Undertaking a Workflow (Job) Analysis

A workflow (job) analysis is the process of identifying what tasks, activities and processes take place in order to achieve outputs. This analysis aims to uncover any inefficiencies, duplication/repetition or barriers in process, function or task to determine how an organisation can be more effective and productive.

A workflow analysis is achieved through identifying positions which would give the highest potential for refinement and the subsequent processes requiring scrutiny. The success in conducting a workflow analysis resides in the ability to collect accurate and detailed information on critical positions.

A workflow analysis can be undertaken to achieve a number of critical business outcomes. The objective will determine the required level and type of analysis.

  • Change in outputs
  • Improved efficiency in processes and procedures
  • Minimising duplication
  • Clarifying accountability and delegations
  • Reduced budget (therefore impacting number of roles within an organisation structure)
  • Remote workforce optimisation and productivity

Analysis and Critical Thinking Process

Workflow and job analysis provides insight into the impact certain positions have on strategic imperatives, including; Organisational Strategy / Culture Project outputs / Workforce Strategy / Business imperatives (performance and community).  The process leads to informed decisions on whether outputs of positions align with the corporate objectives and which functions can be changed with the best possible outcomes and what systems are needed to produce the required outcomes.

Identifying positions that contribute the most to achieving a particular outcome and which functions have the highest potential for re-engineering and refinement  are key determining factors of design.

Key Questions

Below is a series of initial critical thinking and questions to inform design outcomes.

  • What is the required outcome of certain position/s? If outcomes are not being achieved, Why not? If they are being achieved we need to explore How, through What and by Whom? Additionally, are there any offsets or negative impacts around how outcomes are currently achieved?
  • What actual activities and tasks take place? What skills and qualifications do staff require?
  • What systems and processes are being used? What behaviours are being displayed?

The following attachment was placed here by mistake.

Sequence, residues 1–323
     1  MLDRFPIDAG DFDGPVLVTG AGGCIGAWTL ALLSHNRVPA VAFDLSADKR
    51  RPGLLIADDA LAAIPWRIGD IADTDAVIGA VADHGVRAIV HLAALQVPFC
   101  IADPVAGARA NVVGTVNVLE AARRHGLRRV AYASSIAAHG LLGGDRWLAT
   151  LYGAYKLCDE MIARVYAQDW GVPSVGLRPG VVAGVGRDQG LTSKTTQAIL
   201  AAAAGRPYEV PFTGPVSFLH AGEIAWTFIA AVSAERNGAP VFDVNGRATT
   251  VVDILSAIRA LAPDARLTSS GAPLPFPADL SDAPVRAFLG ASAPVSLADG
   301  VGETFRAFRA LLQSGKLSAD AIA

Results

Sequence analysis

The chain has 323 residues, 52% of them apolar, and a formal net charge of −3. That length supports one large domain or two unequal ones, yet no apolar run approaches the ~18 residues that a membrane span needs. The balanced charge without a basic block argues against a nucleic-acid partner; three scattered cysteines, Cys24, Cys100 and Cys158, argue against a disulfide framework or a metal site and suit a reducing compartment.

• Who else is involved in the process and why? What value do others bring to the process?
  • What are some of the barriers in the process? Ambiguities? Does the system assist the process effectively? Does the delegations process enable a smooth transition and clarity of expectations for each person involved? Are there better ways of operating? Is there any duplication in the process? What is the level of skill required in the role? For example if a Field Worker is to provide spatial data to the spatial team how does the current process enable this to take place? Does the system support the Field Worker or is the process time consuming? If so why? Why was this arrangement set up in the first place? What legal frameworks or governance applies to the decision to have Field Workers performing spatial duties? What are some other options for achieving the same output?


The most effective methods to conduct a workflow analysis include:

  • Job and Workflow Analysis Questionnaire (please contact us if you require a sample copy)
  • One to one interview and feedback sessions –  These provide candid conversations, so consider who is best to be involved and who is open to change and knowledgeable about the process? Who will not be self-serving?
  • Observations Note: line of questioning should always be consistent with each job.

Contact us if you require support in undertaking a similar project within your organisation. 

You can also register your interest in attending our 2 day program on Restructuring Organisations – a process of design and change for more tools and templates!

For more info contact us.